mates by mature females). Casual observations have indicated that the nocturnal habit of the species occurred through the year except for winter when activity levels were very low (Watanabe 1994a). In the eld just before sunset, many individuals emerged from their shelters, and gradually swam away. They appeared hesitant to leave the shelters until conditions were completely dark. Just before sunrise while still dark (<0.1 lx), on the other hand, the catsh were observed returning to the shelters simultaneously. Experimental evidence has indicated that the activity of some catsh taxa is directly affected by light conditions, light inhibiting activity outside shelters (e.g., Mashiko 1979, 1981; Britz and Pienaar 1992; Hossain et al. 1999). Mashiko (1979) showed that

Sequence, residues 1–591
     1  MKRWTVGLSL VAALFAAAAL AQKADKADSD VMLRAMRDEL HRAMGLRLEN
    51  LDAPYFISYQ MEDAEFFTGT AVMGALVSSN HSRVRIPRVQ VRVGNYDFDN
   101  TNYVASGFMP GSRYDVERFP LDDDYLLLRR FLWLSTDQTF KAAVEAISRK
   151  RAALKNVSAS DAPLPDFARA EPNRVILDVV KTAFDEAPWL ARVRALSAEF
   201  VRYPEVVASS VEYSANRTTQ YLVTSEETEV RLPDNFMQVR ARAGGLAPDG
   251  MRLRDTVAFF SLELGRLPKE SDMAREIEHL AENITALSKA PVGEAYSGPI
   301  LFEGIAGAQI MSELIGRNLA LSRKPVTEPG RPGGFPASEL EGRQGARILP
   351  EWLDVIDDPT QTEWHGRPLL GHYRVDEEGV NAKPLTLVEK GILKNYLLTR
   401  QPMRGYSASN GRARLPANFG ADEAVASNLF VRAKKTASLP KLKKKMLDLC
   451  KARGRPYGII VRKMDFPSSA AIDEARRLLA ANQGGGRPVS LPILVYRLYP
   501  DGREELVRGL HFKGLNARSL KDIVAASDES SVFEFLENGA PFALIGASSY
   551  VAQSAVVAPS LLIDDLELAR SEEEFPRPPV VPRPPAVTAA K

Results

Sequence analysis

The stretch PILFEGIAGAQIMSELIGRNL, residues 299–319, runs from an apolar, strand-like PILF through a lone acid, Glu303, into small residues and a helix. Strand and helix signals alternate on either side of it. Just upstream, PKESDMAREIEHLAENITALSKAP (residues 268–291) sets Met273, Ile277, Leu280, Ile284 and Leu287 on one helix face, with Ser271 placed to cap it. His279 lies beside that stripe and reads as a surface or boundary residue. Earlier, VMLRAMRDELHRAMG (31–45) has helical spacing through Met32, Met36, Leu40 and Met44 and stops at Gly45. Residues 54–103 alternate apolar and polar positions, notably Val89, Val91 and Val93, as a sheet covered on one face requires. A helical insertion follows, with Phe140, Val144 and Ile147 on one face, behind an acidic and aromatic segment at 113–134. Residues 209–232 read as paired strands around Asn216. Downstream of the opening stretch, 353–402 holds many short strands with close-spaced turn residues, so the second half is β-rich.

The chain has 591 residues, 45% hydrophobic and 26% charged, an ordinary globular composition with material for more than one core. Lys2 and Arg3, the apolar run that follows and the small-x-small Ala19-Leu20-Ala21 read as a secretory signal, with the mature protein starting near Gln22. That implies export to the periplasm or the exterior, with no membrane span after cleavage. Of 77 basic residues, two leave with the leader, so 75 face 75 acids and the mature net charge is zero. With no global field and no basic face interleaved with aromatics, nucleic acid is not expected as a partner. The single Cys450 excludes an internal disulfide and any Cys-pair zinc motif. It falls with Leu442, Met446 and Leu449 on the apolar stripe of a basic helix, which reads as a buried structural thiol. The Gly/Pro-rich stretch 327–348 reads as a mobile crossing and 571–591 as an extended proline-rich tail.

a Japanese bagrid, Pseudobagrus tokiensis (referred to as P. aurantiacus), a congener of P. ichikawai, was active without periodicity for an entire day under continuous darkness. This is probably also applicable to P. ichikawai. Mashiko (1979) indicated that the nocturnal activity of P. tokiensis terminated over a wide range of light intensity (104100 lx) in 1130C WT experimental conditions. Pseudobagrus ichikawai may also respond to very weak light conditions and quickly terminate activity before sunrise under natural conditions. Distinct ontogenetic changes or exibility in diel activity patterns were not observed in P. ichikawai, unlike other sh groups (e.g., Reebs 2004, Fraser et al. 2006). The typical nocturnal habit in P. ichikawai may represent a phyloge-